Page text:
TOKYO: Japan and China plan to resume security talks as early as April after a four-year hiatus amid simmering tensions over territorial disputes, a report said on Thursday.
A meeting planned for Tokyo, which would be the first since January 2011 in Beijing, will likely focus on maritime issues, Kyodo News reported, citing unnamed diplomatic sources.
The talks will involve top officials from each country’s foreign and defense ministries, including Japan’s Deputy Foreign Minister Shinsuke Sugiyama, it said.
Tokyo and Beijing are at loggerheads over the sovereignty of uninhabited islands in the East China Sea, which Japan administers as the Senkakus, but which China claims as the Diaoyus.
Relations soured in 2012 when the Japanese government angered China by nationalizing some of the islands, and Beijing has refused most high-level talks with Tokyo since, including on building a maritime crisis-management mechanism.
But the two sides broke the ice in November when Japanese Prime Minister Shinzo Abe and Chinese President Xi Jinping had a frosty handshake on the sidelines of the Asia-Pacific Economic Cooperation forum.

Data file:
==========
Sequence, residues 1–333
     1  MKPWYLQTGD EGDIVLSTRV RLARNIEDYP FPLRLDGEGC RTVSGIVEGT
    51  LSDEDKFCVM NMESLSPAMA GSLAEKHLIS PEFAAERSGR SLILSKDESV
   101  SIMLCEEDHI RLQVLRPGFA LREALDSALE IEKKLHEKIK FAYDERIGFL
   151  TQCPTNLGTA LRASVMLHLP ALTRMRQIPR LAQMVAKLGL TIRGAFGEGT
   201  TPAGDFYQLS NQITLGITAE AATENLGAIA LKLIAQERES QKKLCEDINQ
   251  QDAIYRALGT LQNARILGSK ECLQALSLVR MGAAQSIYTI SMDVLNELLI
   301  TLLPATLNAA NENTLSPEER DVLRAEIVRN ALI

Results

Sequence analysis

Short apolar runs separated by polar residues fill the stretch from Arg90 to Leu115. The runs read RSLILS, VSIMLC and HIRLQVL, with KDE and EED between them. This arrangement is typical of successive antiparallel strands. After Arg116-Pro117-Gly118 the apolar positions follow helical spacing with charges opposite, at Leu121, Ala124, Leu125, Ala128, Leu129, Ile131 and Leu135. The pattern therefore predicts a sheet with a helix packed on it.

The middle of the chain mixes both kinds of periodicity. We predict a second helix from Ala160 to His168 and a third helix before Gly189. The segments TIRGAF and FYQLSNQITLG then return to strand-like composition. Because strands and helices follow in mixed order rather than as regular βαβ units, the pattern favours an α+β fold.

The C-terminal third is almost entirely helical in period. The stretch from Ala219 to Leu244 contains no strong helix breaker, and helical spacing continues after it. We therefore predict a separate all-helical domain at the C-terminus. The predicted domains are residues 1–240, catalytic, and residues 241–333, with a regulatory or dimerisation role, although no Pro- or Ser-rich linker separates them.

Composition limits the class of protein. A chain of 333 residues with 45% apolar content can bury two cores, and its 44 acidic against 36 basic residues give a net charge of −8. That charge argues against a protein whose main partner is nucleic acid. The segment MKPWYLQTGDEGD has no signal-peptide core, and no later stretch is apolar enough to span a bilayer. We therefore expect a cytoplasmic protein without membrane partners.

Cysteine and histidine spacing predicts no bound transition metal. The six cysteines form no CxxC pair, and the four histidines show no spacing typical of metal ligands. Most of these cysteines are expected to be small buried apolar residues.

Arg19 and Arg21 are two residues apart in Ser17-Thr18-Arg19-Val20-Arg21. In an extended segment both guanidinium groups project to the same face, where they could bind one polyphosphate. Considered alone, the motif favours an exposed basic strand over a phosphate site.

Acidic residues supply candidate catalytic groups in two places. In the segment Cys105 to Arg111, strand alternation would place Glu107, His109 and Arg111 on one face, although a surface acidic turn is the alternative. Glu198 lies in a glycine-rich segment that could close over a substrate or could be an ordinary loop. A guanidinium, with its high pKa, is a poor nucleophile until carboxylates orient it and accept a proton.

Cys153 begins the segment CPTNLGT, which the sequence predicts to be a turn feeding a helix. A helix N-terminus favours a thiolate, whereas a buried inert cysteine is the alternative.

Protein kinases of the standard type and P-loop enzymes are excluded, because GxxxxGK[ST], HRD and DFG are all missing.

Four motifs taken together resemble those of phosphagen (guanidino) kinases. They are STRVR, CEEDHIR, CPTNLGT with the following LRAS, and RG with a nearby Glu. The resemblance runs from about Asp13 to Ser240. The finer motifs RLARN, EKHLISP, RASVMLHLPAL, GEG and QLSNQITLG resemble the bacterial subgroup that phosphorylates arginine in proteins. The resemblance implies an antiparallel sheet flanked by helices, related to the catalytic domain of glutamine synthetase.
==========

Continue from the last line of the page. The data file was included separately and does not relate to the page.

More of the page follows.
Asked about the report, Japan’s Chief Cabinet Secretary Yoshihide Suga told reporters “there is nothing decided at this point.”
“It’s important that both countries exchange communications in various fields, as Japan and China are neighbors, whom the global community is watching closely,” he added.
Japan is expected to ask China to make its growing defense spending more transparent and explain the reasons behind its military expansion, Kyodo said.
Beijing will likely want to talk about moves by Abe to relax the restrictions on Japan’s military to allow it to come to the aid of allies under attack.